Horizontal, vertical or both? Best practice for orientation in iPad magazines

Tablet magazines pose an extra challenge for designers. With a paper magazine, you have one layout and that’s it. But a tablet can be turned to both horizontal and vertical orientations, the latter being closest to the print magazine layout. When designing a magazine for the iPad, how should you think about the orientations?

We suggest that you design for both orientations, or choose one and stick to it. Forcing the user to switch orientations to read the next article requires something spectacular to be worth it for the user. If you’re just doing it because the design for that particular looked so great in horizontal, while both the previous and next pages are vertical, you are running the risk of annoying the user, unless you’ve got a specific reason (e.g. writing about design, but even British Journal of Photography who never crop photos, design for both orientations).

Our tools offer a feature we call ‘pinning’. With pinning, you can tell objects which edge of the screen to stick to when the user turns their tablet. This way, you only have to design once for both orientations. Here’s a great example of a magazine designed for both orientations, Bloomberg Markets+:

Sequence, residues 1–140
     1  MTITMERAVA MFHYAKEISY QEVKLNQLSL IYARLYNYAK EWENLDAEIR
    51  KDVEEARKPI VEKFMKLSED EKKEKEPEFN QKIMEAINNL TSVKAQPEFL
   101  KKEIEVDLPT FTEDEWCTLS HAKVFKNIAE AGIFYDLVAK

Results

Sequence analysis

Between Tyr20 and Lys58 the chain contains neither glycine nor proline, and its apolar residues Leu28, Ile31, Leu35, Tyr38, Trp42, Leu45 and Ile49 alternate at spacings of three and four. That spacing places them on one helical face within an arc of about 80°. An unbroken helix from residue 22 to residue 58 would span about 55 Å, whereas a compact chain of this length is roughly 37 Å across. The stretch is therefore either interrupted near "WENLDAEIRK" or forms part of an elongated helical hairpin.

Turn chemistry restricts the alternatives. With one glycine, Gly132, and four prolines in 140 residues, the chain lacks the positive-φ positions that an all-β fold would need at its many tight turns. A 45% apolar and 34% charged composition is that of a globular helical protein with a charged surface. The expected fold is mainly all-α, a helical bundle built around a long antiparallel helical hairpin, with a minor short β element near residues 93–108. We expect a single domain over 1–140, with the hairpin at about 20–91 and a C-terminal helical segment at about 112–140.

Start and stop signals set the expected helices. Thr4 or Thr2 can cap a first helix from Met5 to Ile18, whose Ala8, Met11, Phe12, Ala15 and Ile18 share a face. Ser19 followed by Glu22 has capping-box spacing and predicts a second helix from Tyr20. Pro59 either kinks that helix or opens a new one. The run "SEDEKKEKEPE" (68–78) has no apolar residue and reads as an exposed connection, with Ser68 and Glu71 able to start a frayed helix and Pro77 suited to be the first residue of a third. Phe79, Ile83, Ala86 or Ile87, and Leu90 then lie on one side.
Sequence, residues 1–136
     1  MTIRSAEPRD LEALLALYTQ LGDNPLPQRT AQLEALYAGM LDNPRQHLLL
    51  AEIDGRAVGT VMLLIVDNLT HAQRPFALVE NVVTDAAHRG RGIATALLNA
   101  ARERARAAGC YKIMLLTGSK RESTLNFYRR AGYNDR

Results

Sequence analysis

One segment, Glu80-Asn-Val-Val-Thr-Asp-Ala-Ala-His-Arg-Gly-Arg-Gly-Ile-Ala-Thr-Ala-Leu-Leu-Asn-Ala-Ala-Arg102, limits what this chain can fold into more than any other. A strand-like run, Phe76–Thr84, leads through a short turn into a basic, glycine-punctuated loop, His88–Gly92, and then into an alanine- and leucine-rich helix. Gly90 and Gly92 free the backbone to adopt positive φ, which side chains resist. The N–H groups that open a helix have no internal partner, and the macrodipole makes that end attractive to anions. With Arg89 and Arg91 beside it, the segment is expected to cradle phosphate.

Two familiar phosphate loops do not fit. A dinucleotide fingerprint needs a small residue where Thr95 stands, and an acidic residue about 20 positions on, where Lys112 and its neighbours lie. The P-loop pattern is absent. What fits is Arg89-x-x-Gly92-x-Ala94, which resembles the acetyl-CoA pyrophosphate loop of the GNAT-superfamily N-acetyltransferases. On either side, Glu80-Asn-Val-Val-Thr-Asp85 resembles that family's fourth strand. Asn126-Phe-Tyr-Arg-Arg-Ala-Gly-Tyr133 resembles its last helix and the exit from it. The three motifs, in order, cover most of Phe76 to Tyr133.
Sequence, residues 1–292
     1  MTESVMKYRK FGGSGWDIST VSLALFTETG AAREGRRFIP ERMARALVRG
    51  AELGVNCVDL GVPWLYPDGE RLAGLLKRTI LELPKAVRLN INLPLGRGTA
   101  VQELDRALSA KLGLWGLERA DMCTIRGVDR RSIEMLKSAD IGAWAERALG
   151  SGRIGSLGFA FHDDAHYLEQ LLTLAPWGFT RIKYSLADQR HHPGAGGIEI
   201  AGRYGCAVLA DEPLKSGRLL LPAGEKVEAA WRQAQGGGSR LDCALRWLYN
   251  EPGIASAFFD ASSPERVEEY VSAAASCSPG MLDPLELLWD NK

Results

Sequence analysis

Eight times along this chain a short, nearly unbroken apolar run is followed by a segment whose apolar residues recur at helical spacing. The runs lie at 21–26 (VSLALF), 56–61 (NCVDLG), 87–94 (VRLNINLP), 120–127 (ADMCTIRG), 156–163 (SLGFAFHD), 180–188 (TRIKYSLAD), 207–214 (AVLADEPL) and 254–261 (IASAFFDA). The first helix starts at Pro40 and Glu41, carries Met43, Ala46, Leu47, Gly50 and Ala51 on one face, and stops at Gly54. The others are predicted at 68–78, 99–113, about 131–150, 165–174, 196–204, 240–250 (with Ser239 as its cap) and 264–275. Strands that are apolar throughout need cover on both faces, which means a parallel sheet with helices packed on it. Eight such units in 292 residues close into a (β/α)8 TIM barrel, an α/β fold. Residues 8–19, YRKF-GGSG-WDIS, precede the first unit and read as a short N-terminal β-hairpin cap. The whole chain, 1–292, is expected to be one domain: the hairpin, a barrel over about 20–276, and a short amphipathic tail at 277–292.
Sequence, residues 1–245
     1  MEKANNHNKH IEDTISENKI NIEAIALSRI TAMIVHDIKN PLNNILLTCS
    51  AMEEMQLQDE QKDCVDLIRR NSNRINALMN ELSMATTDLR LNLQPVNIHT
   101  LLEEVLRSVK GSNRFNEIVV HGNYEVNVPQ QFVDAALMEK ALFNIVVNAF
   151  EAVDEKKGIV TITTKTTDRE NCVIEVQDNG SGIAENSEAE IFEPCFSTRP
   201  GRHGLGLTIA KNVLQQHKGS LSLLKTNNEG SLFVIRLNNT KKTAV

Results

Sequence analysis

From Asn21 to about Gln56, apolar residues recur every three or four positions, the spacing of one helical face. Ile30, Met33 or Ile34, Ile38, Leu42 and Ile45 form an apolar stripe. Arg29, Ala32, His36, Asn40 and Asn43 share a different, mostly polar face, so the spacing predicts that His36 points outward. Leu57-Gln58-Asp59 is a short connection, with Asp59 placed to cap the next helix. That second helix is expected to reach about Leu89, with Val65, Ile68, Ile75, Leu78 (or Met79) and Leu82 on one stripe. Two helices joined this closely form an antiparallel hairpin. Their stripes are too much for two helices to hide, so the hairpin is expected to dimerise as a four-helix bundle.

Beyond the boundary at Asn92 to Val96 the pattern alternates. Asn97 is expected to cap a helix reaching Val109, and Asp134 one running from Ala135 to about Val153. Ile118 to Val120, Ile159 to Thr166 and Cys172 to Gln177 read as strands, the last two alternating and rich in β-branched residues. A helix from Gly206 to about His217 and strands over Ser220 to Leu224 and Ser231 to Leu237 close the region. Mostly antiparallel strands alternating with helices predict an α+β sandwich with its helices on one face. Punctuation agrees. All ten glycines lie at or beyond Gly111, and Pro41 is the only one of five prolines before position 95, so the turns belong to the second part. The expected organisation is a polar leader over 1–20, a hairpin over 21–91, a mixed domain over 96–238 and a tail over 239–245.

Zone Blitz Magazine is a very good example of a magazine created for only one orientation. Many of the features in this iPad magazine about American football are beautiful and simple, and work really well in horizontal orientation:

What do you think as a user or designer? Does it matter to you? Which do you prefer and why?

More information about how to create magazines for iPad with Mag+

  • Lee Turner

    Personally I tend to stick to portrait when reading digital publications, however where possible I like to give the user the option and design for both. One issue I’m hoping to be resolved in Mag+ however, is that you must swipe through the space between verticles in a portrait only publication. I would love an option in a portrait only publication to have a seemless join between verticles.